Luke 6:38

Memory verse

“And my God shall supply all your need according to His riches in glory by Christ Jesus”

Philippians 4:19


What have you got to worry about? God knows all your needs and all your problems. He will supply all that you need. Surrender your life to Him. Let Him take over the driver’s seat of your life. God will replenish the things that Covid pandemic took away. and eaten Do not throw in the towel. Trust Him. Do nor fear, just believe.


Heaven Father, thank You for abundant provisions. Help us to sow generously to the work of Your kingdom. Help us to store up treasures in heaven that lasts into eternity, in Jesus’ name, Amen

bible study devotion

Philemon 1


Dr. Andrew C S Koh

a photo showing opened bible


Heavenly Father, we acknowledged that You are the only true God, the Trinitarian God of the Holy Bible, the God of creation, redemption, reconciliation, and salvation. We thank You for all that You have done for us in our lives, in Jesus’ name, Amen.



Philemon is one of the four prison epistles written during his first imprisonment in Rome between AD 60-62. The other three are Ephesians, Philippians, and Colossians. Paul was under house arrest in Rome while awaiting trial under Caesar Nero. Although he was allowed to live by himself in a house, he was chained to a Roman Pretorian guard 24 hours a day, seven days a week, who rotated through shift duties. Epaphras visited Paul and brought him a financial love gift from the Colossian church. Paul sent the epistle of Colossians and Philemon back to the house church in Colossae through Epaphras.


Colossae was an ancient Roman province along the Lycus River valley in Asia Minor, now in western Turkey. In its heyday, Colossae was famous for the manufacturing of a dark red wool cloth called colossinum.

Purpose and historical setting

The epistle of Philemon was Paul’s letter to Philemon, a wealthy leader of the Colossian house church. Paul shared the gospel with Philemon when he was in Ephesus, converted, discipled, and mentored him in the faith. Philemon returned to Colossae and planted the Colossian house church. Onesimus was one of Philemon’s slaves who ran away from his master and secretly found his way to Rome. Through providence at work, Onesimus met the apostle Paul in Rome who shared the gospel with him, converted, discipled, and mentored him in the faith. When Paul realized that Philemon was a runaway slave of Philemon, he sent Onesimus back to Philemon with a personal letter. Paul entrusted Tychicus to accompany Onesimus to his master Philemon with this personal epistle called Philemon, Colossians 4:7-9.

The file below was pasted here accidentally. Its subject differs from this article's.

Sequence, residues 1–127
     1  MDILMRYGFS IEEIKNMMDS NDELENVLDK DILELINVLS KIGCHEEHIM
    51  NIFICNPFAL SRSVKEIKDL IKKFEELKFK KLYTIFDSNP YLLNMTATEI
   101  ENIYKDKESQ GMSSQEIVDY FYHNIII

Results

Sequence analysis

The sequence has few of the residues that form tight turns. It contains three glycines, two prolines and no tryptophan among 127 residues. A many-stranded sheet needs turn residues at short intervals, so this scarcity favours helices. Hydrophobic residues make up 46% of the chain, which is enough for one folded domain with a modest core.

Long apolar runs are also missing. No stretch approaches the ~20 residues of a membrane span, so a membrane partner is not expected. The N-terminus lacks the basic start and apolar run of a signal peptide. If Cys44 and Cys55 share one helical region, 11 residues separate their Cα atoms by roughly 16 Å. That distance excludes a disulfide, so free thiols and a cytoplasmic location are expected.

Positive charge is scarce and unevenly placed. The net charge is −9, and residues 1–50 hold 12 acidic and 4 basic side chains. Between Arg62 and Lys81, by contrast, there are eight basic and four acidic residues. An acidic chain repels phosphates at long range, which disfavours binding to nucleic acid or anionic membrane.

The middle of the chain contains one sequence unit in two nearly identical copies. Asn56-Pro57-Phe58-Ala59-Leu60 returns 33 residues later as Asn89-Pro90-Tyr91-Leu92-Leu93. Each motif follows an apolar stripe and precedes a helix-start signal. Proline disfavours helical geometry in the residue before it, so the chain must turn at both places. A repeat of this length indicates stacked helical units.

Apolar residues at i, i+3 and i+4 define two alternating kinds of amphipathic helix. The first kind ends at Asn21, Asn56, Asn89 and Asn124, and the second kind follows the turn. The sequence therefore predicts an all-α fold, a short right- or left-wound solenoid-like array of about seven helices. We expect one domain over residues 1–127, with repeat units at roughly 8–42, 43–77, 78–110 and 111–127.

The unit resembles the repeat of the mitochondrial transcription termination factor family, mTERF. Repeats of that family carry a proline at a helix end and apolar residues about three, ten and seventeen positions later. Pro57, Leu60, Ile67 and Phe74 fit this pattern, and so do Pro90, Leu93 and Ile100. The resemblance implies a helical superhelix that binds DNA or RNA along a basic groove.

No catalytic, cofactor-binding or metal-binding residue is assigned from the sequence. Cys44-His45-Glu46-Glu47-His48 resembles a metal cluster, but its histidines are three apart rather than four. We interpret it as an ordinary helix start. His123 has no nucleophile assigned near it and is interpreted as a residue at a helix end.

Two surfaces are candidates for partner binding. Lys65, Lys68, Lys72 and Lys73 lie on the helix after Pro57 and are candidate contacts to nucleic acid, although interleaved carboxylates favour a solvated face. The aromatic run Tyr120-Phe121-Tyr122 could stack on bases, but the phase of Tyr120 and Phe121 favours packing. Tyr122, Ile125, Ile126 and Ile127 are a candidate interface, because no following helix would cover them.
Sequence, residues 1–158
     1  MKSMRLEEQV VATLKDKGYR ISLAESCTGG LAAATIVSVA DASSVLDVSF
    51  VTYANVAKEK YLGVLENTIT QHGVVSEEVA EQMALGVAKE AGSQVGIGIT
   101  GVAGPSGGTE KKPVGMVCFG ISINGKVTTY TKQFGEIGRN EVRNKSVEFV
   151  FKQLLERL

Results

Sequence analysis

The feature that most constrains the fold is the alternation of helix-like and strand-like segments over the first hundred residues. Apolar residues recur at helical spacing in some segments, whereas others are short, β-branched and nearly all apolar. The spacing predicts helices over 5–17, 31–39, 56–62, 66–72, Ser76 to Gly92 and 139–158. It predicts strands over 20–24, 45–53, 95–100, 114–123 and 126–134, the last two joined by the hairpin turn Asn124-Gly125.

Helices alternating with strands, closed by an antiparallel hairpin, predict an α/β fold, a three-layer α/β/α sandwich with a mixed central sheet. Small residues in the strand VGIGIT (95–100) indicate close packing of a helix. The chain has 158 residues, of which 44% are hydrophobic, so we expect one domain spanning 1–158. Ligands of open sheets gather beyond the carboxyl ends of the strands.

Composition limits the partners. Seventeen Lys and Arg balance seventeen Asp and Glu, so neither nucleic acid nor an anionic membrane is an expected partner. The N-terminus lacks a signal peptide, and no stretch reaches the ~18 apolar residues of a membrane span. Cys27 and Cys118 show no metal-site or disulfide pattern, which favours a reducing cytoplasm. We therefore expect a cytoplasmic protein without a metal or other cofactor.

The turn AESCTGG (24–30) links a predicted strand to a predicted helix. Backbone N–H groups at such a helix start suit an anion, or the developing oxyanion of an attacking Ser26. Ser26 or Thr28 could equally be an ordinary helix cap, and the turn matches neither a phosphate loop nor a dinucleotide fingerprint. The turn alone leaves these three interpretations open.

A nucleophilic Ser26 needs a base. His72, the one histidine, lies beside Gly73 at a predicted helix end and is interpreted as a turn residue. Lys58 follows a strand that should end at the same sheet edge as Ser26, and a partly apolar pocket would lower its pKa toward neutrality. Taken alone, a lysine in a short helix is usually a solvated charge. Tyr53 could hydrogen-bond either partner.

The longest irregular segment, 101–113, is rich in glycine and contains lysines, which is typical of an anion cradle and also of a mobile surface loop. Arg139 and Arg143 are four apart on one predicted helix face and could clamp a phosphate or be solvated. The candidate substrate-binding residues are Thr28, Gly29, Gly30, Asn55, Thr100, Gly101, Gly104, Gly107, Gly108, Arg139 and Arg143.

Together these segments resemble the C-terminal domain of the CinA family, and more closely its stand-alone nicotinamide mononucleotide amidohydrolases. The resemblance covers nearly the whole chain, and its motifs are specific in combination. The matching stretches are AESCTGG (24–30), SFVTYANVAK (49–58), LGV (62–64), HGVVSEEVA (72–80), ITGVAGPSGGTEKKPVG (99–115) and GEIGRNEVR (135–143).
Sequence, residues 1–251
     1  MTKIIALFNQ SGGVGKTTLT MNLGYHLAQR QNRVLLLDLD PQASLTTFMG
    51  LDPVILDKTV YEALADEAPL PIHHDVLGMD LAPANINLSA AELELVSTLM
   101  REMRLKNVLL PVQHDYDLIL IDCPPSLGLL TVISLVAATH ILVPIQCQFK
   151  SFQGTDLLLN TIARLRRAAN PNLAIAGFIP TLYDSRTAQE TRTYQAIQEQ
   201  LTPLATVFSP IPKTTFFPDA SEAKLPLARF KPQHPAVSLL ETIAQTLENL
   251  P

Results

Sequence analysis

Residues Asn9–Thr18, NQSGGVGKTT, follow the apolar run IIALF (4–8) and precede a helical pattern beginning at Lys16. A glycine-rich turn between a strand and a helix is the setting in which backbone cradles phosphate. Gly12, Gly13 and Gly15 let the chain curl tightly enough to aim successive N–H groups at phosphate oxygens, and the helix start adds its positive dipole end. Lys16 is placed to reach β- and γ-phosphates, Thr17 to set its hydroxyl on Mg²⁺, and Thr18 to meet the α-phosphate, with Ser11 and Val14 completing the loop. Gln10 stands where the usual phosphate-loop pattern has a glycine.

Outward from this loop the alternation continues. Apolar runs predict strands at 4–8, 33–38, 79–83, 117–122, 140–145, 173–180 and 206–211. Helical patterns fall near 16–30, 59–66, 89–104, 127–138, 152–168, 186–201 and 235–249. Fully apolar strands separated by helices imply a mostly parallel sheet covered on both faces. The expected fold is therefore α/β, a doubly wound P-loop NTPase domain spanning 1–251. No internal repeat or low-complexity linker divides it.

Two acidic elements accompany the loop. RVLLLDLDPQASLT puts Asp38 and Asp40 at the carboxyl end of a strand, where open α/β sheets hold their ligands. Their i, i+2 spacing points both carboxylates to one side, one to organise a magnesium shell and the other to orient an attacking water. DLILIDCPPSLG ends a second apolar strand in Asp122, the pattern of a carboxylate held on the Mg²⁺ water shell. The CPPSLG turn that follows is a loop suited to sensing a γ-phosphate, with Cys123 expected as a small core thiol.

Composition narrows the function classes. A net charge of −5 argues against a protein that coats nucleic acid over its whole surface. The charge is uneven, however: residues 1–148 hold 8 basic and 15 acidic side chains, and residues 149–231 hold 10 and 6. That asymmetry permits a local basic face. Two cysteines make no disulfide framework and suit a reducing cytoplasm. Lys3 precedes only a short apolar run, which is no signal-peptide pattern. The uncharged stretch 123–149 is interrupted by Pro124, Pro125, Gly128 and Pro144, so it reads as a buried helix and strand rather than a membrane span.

Now when we came to Rome, the centurion delivered the prisoners to the captain of the guard; but Paul was permitted to dwell by himself with the soldier who guarded him

Acts 28:16

Tychicus, a beloved brother, faithful minister, and fellow servant in the Lord, will tell you all the news about me. I am sending him to you for this very purpose, that he may know your circumstances and comfort your hearts, with Onesimus, a faithful and beloved brother, who is one of you. They will make known to you all things which are happening here

Colossians 4:7-9


Onesimus was a runaway slave. Onesimus had committed a very serious offense. In first-century Israel, the consequence of a slave running away from a master was capital punishment. Onesimus confessed his situation to Paul who sent him back to his master. Before we came to know Christ, we too had run away from our Lord and Master but when we confessed our sins, believed, and returned to Christ, He forgave us and gave us eternal life.


Heavenly Father, thank You for this small book of Philemon. We pray that You will speak to us through the pages of Your inspired, inerrant, and infallible Word, in Jesus’ name, Amen.